Academic Dishonesty


Many of the nation’s colleges and universities have become cesspools of indoctrination, intolerance, academic dishonesty and an “enlightened” form of racism. This is a decades-old trend. In a 1991 speech, Yale President Benno Schmidt warned: “The most serious problems of freedom of expression in our society today exist on our campuses. The assumption seems to be that the purpose of education is to induce correct opinion rather than to search for wisdom and to liberate the mind.”

Unfortunately, parents, taxpayers and donors have little knowledge of the extent of the dishonesty and indoctrination. There are several clues for telling whether there’s academic dishonesty and indoctrination. One is to see whether a college spends millions for diversity and multiculturalism centers and hires directors of diversity and inclusion, managers of diversity recruitment, associate deans for diversity, and vice presidents of diversity. See whether colleges spend money to indoctrinate incoming freshmen with programs such as “The Tunnel of Oppression,” in which, among other things, students call one another vile racial and sexual names in order to develop “oppression awareness.”

An American Council of Trustees and Alumni survey in 2004 of 50 selective colleges found that 49 percent of students complained of professors frequently injecting political comments into their courses even if they had nothing to do with the subject, while 46 percent reported that professors used their classrooms to promote their own political views. One English professor told his students that “conservatism champions racism, exploitation and imperialist war.” The “critical race studies” program at UCLA School of Law says that its aim is to “transform racial justice advocacy.” At an East Coast college, an exam was found with questions such as, “How does the United States ‘steal’ the resources of other (third world) countries?” The answer marked correct was, “We steal through exploitation.” An economics professor told his class, “The United States of America, backed by facts, is the greediest and most selfish country in the world.” A Germanic languages professor told his class, “Bush is a moron, a simpleton and an idiot.”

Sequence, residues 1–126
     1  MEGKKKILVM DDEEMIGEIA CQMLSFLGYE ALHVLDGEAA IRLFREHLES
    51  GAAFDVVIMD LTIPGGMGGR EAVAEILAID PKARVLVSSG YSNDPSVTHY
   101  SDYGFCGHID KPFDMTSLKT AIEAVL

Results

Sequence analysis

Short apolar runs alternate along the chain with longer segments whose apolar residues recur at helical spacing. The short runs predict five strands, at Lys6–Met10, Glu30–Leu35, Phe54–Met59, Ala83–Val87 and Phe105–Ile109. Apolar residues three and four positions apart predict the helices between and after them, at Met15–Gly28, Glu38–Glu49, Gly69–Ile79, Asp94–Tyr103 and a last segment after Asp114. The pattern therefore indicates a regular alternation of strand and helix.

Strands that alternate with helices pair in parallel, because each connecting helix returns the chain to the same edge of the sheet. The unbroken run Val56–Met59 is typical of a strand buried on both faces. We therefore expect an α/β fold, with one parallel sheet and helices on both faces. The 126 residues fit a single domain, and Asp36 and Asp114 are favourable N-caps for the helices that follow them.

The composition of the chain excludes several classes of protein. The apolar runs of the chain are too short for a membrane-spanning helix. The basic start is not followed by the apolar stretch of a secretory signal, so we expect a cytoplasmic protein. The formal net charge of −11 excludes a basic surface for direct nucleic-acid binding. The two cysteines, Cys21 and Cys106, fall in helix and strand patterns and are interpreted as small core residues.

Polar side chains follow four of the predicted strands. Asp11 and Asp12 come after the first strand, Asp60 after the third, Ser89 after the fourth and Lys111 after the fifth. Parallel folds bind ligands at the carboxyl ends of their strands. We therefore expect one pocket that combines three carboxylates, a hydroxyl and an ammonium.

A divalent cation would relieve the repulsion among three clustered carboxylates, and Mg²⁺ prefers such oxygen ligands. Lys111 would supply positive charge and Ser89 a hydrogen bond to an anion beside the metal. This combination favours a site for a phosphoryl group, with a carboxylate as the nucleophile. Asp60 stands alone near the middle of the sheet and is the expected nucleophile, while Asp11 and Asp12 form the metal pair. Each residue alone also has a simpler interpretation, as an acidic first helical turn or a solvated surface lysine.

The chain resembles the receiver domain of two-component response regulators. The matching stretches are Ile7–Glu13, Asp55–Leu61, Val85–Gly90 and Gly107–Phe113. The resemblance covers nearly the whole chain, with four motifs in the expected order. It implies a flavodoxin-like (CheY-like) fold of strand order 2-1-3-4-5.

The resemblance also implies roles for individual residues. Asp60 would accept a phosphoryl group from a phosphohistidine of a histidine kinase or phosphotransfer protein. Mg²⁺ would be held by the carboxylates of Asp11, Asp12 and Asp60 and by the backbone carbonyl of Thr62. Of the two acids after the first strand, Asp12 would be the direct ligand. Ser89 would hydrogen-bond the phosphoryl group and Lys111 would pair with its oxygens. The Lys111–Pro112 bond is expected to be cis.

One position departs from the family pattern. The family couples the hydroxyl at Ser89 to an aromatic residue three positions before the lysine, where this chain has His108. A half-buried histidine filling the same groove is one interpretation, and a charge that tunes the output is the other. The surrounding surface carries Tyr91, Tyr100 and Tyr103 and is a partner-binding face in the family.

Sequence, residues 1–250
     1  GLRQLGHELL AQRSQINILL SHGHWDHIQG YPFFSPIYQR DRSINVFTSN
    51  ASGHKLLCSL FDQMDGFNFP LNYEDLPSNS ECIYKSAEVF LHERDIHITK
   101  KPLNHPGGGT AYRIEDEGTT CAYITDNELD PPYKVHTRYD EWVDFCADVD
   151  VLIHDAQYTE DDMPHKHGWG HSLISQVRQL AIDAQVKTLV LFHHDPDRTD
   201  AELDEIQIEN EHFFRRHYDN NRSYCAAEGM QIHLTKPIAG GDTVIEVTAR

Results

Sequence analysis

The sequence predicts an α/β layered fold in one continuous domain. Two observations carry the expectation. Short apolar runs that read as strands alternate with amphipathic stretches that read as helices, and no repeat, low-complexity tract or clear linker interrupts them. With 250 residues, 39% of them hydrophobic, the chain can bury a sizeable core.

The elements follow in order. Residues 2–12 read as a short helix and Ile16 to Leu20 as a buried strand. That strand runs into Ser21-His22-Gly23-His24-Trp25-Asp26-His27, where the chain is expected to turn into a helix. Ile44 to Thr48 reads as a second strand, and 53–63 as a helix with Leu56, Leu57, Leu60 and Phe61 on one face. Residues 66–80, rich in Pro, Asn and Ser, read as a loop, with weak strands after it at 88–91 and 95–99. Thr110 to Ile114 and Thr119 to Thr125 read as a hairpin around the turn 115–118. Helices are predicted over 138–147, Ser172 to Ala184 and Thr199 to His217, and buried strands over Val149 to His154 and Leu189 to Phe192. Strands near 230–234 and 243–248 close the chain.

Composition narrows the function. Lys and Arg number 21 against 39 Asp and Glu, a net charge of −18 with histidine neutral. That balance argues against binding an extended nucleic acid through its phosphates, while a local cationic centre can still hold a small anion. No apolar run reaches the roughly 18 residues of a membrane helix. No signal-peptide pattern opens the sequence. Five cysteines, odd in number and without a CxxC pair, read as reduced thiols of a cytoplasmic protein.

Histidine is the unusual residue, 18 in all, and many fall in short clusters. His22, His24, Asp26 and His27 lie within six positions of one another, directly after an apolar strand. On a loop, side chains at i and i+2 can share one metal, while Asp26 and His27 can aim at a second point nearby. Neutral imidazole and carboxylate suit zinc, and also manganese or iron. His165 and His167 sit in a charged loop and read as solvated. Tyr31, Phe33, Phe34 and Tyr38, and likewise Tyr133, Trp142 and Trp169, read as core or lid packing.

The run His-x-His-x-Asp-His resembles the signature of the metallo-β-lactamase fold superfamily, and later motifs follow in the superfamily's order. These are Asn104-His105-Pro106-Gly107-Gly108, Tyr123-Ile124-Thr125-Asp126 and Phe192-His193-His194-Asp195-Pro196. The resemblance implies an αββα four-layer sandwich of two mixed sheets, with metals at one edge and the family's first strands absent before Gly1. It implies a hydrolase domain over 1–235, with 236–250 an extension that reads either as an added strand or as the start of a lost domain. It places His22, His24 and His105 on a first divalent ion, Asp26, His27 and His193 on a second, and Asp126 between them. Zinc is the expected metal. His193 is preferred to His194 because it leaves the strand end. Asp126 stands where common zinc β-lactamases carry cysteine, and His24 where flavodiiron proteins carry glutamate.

A recent National Association of Scholars report, “A Crisis of Competence,” reported that the UCLA Higher Education Research Institute found that “more faculty now believe that they should teach their students to be agents of social change than believe that it is important to teach them the classics of Western civilization.” Use of public funds for private advocacy not only is academic dishonesty but also borders on criminality.

In today’s college climate, we shouldn’t be surprised by the outcomes. A survey conducted by the Center for Survey Research and Analysis at the University of Connecticut gave 81 percent of the seniors a D or an F in their knowledge of American history. Many students could not identify Valley Forge, words from the Gettysburg Address or even the basic principles of the U.S. Constitution. The National Center for Education Statistics reported that only 31 percent of college graduates can read and understand a complex book.

A 2007 national survey titled “Our Fading Heritage: Americans Fail a Basic Test on Their History and Institutions,” by the Intercollegiate Studies Institute, found that earning a college degree does little to increase knowledge of America’s history. Among the questions asked were: “Who is the commander in chief of the U S. military?” “Name two countries that were our enemies during World War II.” The average score among college graduates was 57 percent, or an F. Only 24 percent of college graduates knew the First Amendment prohibits establishing an official religion for the United States.

A 2006 survey conducted by The Conference Board, Corporate Voices for Working Families, the Partnership for 21st Century Skills, and the Society for Human Resource Management found that only 24 percent of employers thought graduates of four-year colleges were “excellently prepared” for entry-level positions.

Our sad state of college education proves what my grandmother admonished: “If you’re doing something you’re not supposed to be doing, you can’t do what you’re supposed to do.”

Walter E. Williams is a professor of economics at George Mason University.

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